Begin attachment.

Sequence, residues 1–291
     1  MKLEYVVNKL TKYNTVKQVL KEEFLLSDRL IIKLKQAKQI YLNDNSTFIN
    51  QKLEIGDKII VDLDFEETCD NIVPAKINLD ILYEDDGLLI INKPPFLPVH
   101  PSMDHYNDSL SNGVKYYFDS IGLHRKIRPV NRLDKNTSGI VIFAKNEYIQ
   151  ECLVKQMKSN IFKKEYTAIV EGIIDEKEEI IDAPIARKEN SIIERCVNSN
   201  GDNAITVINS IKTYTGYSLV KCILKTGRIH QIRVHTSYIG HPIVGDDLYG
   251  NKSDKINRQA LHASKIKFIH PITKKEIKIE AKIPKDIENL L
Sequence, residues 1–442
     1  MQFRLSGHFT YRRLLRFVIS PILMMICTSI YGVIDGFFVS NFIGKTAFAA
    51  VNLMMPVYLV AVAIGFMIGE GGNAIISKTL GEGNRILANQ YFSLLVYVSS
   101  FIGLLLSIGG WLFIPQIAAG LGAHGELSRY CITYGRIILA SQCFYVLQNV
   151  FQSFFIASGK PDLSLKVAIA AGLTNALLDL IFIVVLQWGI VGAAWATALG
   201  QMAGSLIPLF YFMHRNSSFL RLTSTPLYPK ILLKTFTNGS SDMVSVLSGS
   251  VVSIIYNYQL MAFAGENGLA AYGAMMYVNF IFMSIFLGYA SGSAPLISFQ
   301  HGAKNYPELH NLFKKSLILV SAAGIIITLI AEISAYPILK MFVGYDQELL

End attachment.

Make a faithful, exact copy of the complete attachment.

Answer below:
Sequence, residues 1–291
     1  MKLEYVVNKL TKYNTVKQVL KEEFLLSDRL IIKLKQAKQI YLNDNSTFIN
    51  QKLEIGDKII VDLDFEETCD NIVPAKINLD ILYEDDGLLI INKPPFLPVH
   101  PSMDHYNDSL SNGVKYYFDS IGLHRKIRPV NRLDKNTSGI VIFAKNEYIQ
   151  ECLVKQMKSN IFKKEYTAIV EGIIDEKEEI IDAPIARKEN SIIERCVNSN
   201  GDNAITVINS IKTYTGYSLV KCILKTGRIH QIRVHTSYIG HPIVGDDLYG
   251  NKSDKINRQA LHASKIKFIH PITKKEIKIE AKIPKDIENL L
Sequence, residues 1–442
     1  MQFRLSGHFT YRRLLRFVIS PILMMICTSI YGVIDGFFVS NFIGKTAFAA
    51  VNLMMPVYLV AVAIGFMIGE GGNAIISKTL GEGNRILANQ YFSLLVYVSS
   101  FIGLLLSIGG WLFIPQIAAG LGAHGELSRY CITYGRIILA SQCFYVLQNV
   151  FQSFFIASGK PDLSLKVAIA AGLTNALLDL IFIVVLQWGI VGAAWATALG
   201  QMAGSLIPLF YFMHRNSSFL RLTSTPLYPK ILLKTFTNGS SDMVSVLSGS
   251  VVSIIYNYQL MAFAGENGLA AYGAMMYVNF IFMSIFLGYA SGSAPLISFQ
   301  HGAKNYPELH NLFKKSLILV SAAGIIITLI AEISAYPILK MFVGYDQELL